Nuns issue abuse apology
A nun who campaigns for social justice today apologised to children who were abused while under the care of the Sisters of Charity.
Sister Stanislaus Kennedy, a member of the religious order criticised in the devastating Ryan report, said members were ashamed, shocked and horrified by the physical and sexual abuse of children at its facilities.
She told a conference in Dublin Castle the report laid bare the appalling manner in which the most vulnerable children were treated in institutions run by congregations over the past 50 years.
“We must ensure that wide-scale and systematic abuse of children does not happen again in this country,” she said.
“Abuse happens when power is vested in individuals and institutions who are unaccountable.”
The Ryan report documented decades of sexual, physical and emotional torture inflicted on thousands of children in orphanages, industrial and reformatory schools all over the country.
It outlined severe physical and emotional abuse over many years at two of the order’s institutions, St Patrick’s and St Joseph’s in Kilkenny.
“Within St Joseph’s, there was also sexual abuse, including where 13 boys were brutally abused, sexually and physically by two men employed by the Religious Sisters of Charity as childcare workers who turned out to be cruel and ferocious paedophiles,” said Sr Stan.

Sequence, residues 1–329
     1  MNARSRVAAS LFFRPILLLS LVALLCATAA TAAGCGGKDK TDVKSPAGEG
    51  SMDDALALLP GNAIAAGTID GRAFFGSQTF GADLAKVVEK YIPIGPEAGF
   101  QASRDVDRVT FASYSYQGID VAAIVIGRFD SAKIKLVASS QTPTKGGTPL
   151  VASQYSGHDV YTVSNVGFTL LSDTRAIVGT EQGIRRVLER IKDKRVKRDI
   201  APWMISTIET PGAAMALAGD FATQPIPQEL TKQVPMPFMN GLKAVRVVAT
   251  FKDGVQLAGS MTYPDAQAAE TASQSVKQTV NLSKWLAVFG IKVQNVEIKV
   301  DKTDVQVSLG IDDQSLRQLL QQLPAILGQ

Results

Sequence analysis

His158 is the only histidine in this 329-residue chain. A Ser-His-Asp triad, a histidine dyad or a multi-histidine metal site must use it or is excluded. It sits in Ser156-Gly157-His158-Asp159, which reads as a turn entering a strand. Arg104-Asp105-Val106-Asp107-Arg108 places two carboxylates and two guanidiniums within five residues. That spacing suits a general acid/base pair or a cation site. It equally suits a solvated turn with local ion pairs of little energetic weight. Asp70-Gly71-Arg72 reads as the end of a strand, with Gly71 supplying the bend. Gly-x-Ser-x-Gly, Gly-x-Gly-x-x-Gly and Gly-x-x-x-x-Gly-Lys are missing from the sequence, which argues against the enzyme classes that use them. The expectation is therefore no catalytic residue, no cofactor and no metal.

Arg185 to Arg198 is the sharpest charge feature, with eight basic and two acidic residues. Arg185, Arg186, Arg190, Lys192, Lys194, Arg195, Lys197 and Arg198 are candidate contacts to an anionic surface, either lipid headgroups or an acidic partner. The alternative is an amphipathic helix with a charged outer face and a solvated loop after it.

“I am desperately sad and sorry that these abuses took place and that these heinous crimes were committed."
“All over the country, children entrusted to the care of religious congregations, ours included, suffered enormously in a sickening abuse of power and position and a scandalous exploitation of vulnerability, for which there is no excuse.”
Sr Stan said the order had acknowledged the hurt caused and planned to do everything in its power to make reparation for the harm done, to alleviate the pain and suffering of victims and to restore, as far as is possible, the dignity that was taken from them as children.
“This includes facing our financial responsibilities in a generous spirit and with an open heart,” she continued.
The campaigner also criticised the current childcare system, highlighting a lack of out-of-hours social work service for children in need and why up to 6,500 child protection cases have not been allocated a social worker.
“One of the most damning indications of our lack of concern about the welfare of children is the fact that 454 migrant children, that’s equivalent to an entire school full of children, have gone missing from the care of the State since 2000, with barely a ripple of disquiet in the community,” she continued.
“We know this is happening and we don’t care. How can we say without blushing that we are determined to learn lessons from the Ryan report and are determined to protect and cherish children in this country when we know they are suffering now?"
“When we allow these outrages to occur without protest we, as a society, are complicit in the suffering of these children,” she added.
President Mary McAleese is due to address the conference later today.